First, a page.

Eva Scalzo 🇵🇷 @evascalzo · Jan 24

WORD COUNT. There are so many resources out there for writers that offer guidance on appropriate ranges for debut authors in different genres. One response I see a lot is x publisher printed a 400K work, so why can't I? That is the EXCEPTION. (cont.) #querytip 3a/10

Eva Scalzo 🇵🇷 @evascalzo · Jan 24

Number one thing is know your genre & also know what genres I REPRESENT. Your literary fiction has elements of romance, that's great, still not a good fit for me as I do not represent literary fiction. Don't try to pretend your work is something other than it is. #querytip 2/10

Eva Scalzo 🇵🇷 @evascalzo · Jan 24

Just realized that February 1st is in ONE WEEK and I'm re-opening to queries. I wanted to do a quick #querytip thread to avoid seeing some common mistakes/pet peeves/problems in the queries I get. #amagenting 1/10

paige wheeler @pwheeler_agent · Jan 24

#QueryTip

Even though agents want you to include a summary of your manuscript’s plot in your query letter, it is important to keep it to a minimum. Less is often more as it proves that you make every word count.

A.M. Rose @annmrose · Jan 24

A reminder writers that you are so brave. Putting your work out there to be evaluated and criticized by others isn't easy. It take so much courage. You should be proud of yourselves.
#querytip #WritingCommunity

Marie Lamba @marielamba · Jan 24

Heads up to writers - I've shifted the way I accept queries, and I'm now only accepting queries through QueryManager. Please query me by clicking on this link: QueryMe.Online/1710 #literaryagent #querytip #pubtip @JDLitAgency

Anna Sproul-Latimer @annasproul · Jan 24

A good agent will not encourage your reptile instincts to white-knuckle onto any one lead. See yesterday's tweet thread on completion bias: one of our primary value adds is to push back against our clients' irrational bird-in-handism.

Anna Sproul-Latimer @annasproul · Jan 24

Ninety-nine percent of the time--99%!--that "hey, book? I want to do a book with you!" email does NOT result in a book deal. The most typical outcome is that it devolves into a moving-goalposts situation where an offer doesn't materialize. (It does materialize sometimes! Rarely)

Anna Sproul-Latimer @annasproul · Jan 24

It SHOULD NOT signal: that this is the right opportunity for you. That you need to pounce on it this instant, or your opportunity to be an author will go away. That the editor's idea is one that you have to adopt.

Anna Sproul-Latimer @annasproul · Jan 24

Anna Sproul-Latimer @annasproul

Ooh I have a stray 5 min for a quick #pubtip smoke break.

::drags cigarette of cynicism:: If you're an author and an editor from a big 5 publishing house contacts you asking if there's a book in the works, congratulations! Here's what that should and shouldn't signal for you.

It SHOULD signal: 1. you're qualified to write a book; it's time to get over your imposter syndrome. 2. you're getting yourself out there well! Good work! and 3. If you don't have an agent, this is one of the best possible times to shop competitively and get one from the top tier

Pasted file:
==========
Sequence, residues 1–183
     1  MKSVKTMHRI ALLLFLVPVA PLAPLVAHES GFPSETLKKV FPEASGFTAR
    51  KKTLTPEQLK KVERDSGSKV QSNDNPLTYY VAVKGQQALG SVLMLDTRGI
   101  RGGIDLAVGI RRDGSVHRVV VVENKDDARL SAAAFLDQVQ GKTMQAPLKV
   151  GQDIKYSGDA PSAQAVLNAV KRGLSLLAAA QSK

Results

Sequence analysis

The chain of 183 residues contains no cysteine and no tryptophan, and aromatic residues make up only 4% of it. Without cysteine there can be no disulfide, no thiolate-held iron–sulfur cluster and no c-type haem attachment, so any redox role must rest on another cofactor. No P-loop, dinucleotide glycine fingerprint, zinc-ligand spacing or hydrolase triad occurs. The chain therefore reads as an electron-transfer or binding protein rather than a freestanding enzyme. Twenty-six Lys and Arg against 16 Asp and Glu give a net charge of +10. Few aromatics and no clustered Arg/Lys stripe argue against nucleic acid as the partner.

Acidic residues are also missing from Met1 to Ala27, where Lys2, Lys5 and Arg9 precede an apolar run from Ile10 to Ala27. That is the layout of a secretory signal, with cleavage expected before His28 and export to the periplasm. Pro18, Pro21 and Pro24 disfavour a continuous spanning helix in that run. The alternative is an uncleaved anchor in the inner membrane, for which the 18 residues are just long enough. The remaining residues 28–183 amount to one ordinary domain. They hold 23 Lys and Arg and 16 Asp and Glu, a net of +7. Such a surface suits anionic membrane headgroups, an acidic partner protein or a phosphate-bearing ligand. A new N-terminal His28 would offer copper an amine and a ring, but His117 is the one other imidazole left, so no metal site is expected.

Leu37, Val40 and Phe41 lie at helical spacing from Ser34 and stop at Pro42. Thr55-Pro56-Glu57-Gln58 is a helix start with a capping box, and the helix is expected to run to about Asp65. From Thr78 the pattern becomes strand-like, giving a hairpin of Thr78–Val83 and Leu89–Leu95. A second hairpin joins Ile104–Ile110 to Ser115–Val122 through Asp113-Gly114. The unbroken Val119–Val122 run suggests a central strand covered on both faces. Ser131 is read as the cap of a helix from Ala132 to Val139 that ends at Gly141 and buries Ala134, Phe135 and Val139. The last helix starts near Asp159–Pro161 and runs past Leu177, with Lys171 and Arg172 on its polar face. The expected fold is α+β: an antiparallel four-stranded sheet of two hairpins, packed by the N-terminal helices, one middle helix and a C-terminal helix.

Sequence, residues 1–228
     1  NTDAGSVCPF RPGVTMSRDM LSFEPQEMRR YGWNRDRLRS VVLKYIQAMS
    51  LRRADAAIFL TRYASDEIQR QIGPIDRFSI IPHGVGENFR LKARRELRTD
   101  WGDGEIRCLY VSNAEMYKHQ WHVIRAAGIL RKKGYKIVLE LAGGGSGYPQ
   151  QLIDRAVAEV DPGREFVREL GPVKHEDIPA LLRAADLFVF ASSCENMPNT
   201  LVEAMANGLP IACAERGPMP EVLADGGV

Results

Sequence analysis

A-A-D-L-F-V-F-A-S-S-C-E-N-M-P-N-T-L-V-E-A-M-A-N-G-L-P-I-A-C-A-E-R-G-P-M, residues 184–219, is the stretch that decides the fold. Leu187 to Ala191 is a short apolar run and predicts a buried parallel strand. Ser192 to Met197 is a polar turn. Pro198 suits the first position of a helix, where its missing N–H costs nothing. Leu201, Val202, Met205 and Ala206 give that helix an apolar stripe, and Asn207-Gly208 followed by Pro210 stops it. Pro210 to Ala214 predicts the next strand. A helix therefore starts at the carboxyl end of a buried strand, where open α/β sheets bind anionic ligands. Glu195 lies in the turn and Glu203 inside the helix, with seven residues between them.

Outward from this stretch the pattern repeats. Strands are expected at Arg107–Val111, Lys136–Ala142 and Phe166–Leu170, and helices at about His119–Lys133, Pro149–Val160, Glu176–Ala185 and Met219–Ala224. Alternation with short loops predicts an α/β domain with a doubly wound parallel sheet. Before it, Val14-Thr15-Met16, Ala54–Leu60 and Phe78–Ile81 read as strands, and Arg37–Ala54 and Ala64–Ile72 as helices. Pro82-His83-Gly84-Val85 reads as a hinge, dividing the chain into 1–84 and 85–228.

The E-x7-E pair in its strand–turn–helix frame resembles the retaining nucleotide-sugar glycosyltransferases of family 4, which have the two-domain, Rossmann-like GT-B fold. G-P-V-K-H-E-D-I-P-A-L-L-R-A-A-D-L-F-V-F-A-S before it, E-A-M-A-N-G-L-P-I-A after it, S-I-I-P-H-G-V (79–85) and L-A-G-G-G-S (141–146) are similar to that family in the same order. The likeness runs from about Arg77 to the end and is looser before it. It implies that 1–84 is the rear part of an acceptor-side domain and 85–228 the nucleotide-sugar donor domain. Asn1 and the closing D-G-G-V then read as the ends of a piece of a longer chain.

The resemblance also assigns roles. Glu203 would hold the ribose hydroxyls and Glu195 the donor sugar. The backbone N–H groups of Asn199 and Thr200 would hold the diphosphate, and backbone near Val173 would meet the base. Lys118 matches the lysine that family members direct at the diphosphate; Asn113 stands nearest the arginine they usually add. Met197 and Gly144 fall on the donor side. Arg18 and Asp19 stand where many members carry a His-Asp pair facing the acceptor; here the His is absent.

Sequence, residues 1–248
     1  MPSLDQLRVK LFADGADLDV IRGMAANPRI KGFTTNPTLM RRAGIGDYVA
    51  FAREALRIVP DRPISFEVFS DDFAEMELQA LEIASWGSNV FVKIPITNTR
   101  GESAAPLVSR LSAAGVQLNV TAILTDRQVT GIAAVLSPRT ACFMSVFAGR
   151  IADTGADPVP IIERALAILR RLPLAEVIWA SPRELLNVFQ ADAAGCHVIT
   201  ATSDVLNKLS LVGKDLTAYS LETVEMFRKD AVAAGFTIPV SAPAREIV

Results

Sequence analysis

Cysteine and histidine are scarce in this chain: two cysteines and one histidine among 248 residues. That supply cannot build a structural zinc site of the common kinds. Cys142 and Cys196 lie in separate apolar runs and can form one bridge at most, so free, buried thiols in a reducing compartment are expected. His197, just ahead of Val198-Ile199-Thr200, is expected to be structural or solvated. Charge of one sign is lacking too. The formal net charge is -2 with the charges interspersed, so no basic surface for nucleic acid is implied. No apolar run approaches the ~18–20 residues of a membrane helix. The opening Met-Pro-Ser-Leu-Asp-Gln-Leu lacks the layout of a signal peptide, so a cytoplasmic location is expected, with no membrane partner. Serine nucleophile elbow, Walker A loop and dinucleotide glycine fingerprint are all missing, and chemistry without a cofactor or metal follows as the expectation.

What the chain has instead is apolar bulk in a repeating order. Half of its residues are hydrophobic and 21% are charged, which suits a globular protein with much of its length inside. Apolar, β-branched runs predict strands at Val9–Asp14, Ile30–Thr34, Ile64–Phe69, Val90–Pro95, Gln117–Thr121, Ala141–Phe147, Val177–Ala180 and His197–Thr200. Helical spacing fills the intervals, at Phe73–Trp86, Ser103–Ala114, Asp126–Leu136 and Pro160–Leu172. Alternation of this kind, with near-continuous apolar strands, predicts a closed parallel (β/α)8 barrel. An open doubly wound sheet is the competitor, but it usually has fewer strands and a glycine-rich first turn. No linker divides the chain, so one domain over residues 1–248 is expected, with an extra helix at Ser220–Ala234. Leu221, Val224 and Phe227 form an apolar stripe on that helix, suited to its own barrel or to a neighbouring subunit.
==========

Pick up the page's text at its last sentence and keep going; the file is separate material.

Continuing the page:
A.M. Rose @annmrose · Jan 24

Read a query this morning that was intriguing, and I was excited to look at the pages, but they didn't include any or a synopsis - Reject.

Writers, follow submission guidelines, please.

#Querytip

Hope Bolinger - PRE-ORDER DEN! @HopeBolinger · Jan 24

#querytip

Don't tell us if you just finished a manuscript. That sounds to us like you haven't edited it.

#amquerying #WritingCommunity

Kat Kerr @thekatsmews · Jan 24

"Prepare for the worst but hope for the best"...but then what plan do we have if the best happens? Always be ready to go. An agent wants a phone call? Make sure to have several other book ideas on hand so that they know you are more than just your one book. #querytip

Kim Lionetti @BookEndsKim · Jan 24

#querytip If your query blurb is overly long, it will seem that your book doesn't have a clear focus/or you don't have a clear idea of how to market it. If your query blurb is too short or focuses only on character, then it can appear that the story, itself, is weak.

Kim Lionetti @BookEndsKim · Jan 24

#querytip Taking time to craft your query blurb is important. Agents base their decision both on what your book is about AND your ability to describe it. We want to see that you a) know the hook of your book b) can show there's a clear plot line and c) use your words wisely.

Kaitlyn Johnson @RedPenKaitlyn · Jan 23

Same for voice, especially in MG. The lower the count, the more likely it's for a younger reader and has a lighter tone or subject. I often prefer upper MG to be no lower than 35k. #amagenting #querytip

Kaitlyn Johnson @RedPenKaitlyn · Jan 23

Certain genres tend to skew higher in word count. Sci Fi and Fantasy for YA or Adult should really not be lower than 85k, and that's still a bit low. I'd shoot for 95k as a sweet spot. #amagenting #querytip

Kaitlyn Johnson @RedPenKaitlyn · Jan 23

Here are some basic counts to keep in mind. Remember, these are averages, so some outliers do exist.

MG - 20,000 - 65,000
YA - 65,000 - 110,000 (I have seen a bit lower, but no lower than 55,000)
Adult - 65,000 - 120/130,000

#amagenting #querytip

Kaitlyn Johnson @RedPenKaitlyn · Jan 23

Having an Adult Fantasy higher than 130k? For a debut, that's hard to sell. For someone with a long list of proven titles? Maybe less difficult. Same with YA over 110k #amagenting #querytip (2/?)